TCS Daily

The Road to Hell

By Max Borders - July 5, 2005 12:00 AM

"Double foreign aid," says Finance Minister Gordon Brown in the run-up to July's G8 summit . Development economist Bill Easterly likens this refrain to Moore's Law, which predicts computing power will double every 18 months. Likewise, says Easterly, rock stars and globocrats have called for the doubling of foreign aid about every 10 years since Bretton Woods.

Personalities like Bono parade around with the latest World Bank Wolfie (Wolfensohn, Wolfowitz, etc.), hoping that these world tours for aid will put them in contention for the Nobel Peace Prize -- having, of course, bagged their Grammys long ago. Single-minded bureaucrats with grotesque salaries funneled from us -- the engines of wealth creation -- go to their offices every day earnestly believing that, one day, they will figure out how to pull the Third World out of the Ninth Circle of Hell if they only had more resources.

"Double foreign aid," says Prime Minister Tony Blair. Back to the refrain.

Jeffrey Sachs, once the Doogie Howser MD of global economics, sits in the air conditioning penning book after book, each amounting to little more than a guide to squandering the world's resources. Like Bono's, we know Sachs's heart is in the right place. But as they say, "the road to hell..." And if we are blind to consequences, no amount of good intentions will make Africa wealthy.

Most people see the daily images of Africans in squalor and feel that something must be done. We might not be so concerned about siphoning the creme off the pie of the West's great wealth, as long as there is a boy somewhere drawing his last breath due to malnutrition, dysentery, or AIDS. And yet there is something profoundly wrong-headed in all this. We think that if there were only enough money thrown at their problems, places like Africa might be saved. If we could just increase $50 billion per annum to $100 billion per annum, Africa would somehow develop by the brute force of capital infusion.

But this is a self-deception. And it's time we started calling it an evil. Rich, visible people who seek publically to atone for their own riches and excess by sticking their mitts into our family pots should take a step back from the pulpit of rectitude and listen to what others are saying.

We have had 50 years of Bretton Woods Keynesianism, i.e. the policy founded on the false notion that macro-economic wizards and central planners could grow Africa "like a garden." Nothing has grown since . And the garden metaphor is wrong.

Indeed, economies are not like gardens at all, but ecosystems. And ecosystems can't be grown. But if the IMF and World Bank are in the business of growing gardens, their methods are more akin to dropping fertilizer from 50,000 feet onto the desert. Doubling the amount of fertilizer, far from yielding potatoes and corn, will yield a desert full of shit.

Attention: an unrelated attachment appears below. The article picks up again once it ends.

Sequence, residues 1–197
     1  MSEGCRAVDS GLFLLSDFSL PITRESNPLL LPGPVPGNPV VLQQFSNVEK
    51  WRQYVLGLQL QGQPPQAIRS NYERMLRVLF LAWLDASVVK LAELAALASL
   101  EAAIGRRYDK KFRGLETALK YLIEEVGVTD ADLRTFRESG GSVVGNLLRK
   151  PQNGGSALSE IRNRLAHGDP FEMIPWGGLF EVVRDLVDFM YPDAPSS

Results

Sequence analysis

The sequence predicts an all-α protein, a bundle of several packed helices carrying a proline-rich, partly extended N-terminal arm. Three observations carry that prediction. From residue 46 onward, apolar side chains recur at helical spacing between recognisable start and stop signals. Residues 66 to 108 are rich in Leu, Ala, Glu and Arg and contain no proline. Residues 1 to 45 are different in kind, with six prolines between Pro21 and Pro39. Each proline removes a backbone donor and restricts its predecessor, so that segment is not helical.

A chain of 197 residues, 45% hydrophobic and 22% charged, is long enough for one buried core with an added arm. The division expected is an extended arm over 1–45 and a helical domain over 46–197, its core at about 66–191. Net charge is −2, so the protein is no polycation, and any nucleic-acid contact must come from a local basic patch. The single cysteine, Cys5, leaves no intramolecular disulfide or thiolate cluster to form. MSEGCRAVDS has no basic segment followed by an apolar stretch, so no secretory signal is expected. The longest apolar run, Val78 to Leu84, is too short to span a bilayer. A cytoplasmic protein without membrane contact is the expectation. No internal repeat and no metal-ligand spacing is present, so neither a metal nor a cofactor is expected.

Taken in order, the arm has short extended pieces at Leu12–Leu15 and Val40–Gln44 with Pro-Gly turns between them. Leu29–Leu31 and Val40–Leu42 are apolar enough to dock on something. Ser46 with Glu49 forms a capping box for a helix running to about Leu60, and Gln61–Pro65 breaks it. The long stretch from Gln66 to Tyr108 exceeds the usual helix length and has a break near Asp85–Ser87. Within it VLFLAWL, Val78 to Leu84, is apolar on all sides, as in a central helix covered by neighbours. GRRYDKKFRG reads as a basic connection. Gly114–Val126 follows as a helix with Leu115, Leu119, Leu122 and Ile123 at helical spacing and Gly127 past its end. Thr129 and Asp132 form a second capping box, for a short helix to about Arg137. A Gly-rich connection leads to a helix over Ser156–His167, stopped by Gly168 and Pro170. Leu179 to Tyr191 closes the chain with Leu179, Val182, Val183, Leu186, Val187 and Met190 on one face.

We should also be angry about the politicization of foreign aid. That even so-called conservatives like President Bush end up ingratiating themselves to those who know he needs to save face for Iraq. The issue has become so politically entrenched that the debates involve only "how much?" rather than "is it working?"

And yet the answer is staring everyone in the face. One need only look at the data. But you can use common sense to understand why foreign aid doesn't work. (Most of us couldn't even tell what precisely it does not work at  only that places like Africa only languish, grow increasingly dependent, less likely to change, and more corrupt. These problems get worse as more of our money is poured in.)  Fifty years of the domestic welfare-state status quo in the US should have taught us that a global welfare state would be even more expensive and even less efficacious. Only since the Welfare Reform Act of 1996 has the US seen an overall decrease in the number of people at the teat of FDR's dole. And only with some similarly half-baked reform will we start to see real GDP growth in the developing world. Why? Because it's almost an iron law of human beings: if you reward any behavior, you're more likely to get more of it.

In Africa, all the wrong behaviors are being rewarded:

Does your country have a) a dictator surrounded by ruthless cronies? Or b) the rule of law?

"Answer A!"

Give them $50 million!

Does your country have a) nationalized agriculture? Or b) privately owned farms?

"Answer A!"

Give them another $50 million!

Ah, but the well-intentioned bureaucrat thinks that things would get better if those resources were directed to the people. Maybe, but the improvements would be marginal and short-term, at best. Poor people, like dictators, learn to pull the lever if the cheese keeps coming. For them it makes little sense to think, act, or to take risks if extending your palms is rewarded with a morsel that you can get again tomorrow.  And don't be fooled by those who accuse the West of being chauvanistic about our economic systems.  They are under the spell of cultural relativism and zero-sum thinking, and they will happily take your money and mine so long as it means their guilty feelings can be assuaged.

Global bureaucrats are starting to pay lip-service to the idea of "good governance" and "institutions," but they will not likely have the political will to turn away the begging bowl when reform efforts fail. Short of doling out no aid at all, thoroughgoing institutional change is precisely what will be required for Africa and the rest of the Third World to improve. But if past efforts are any indication, Africa's road to hell will continue to be blanketed in foreign aid.


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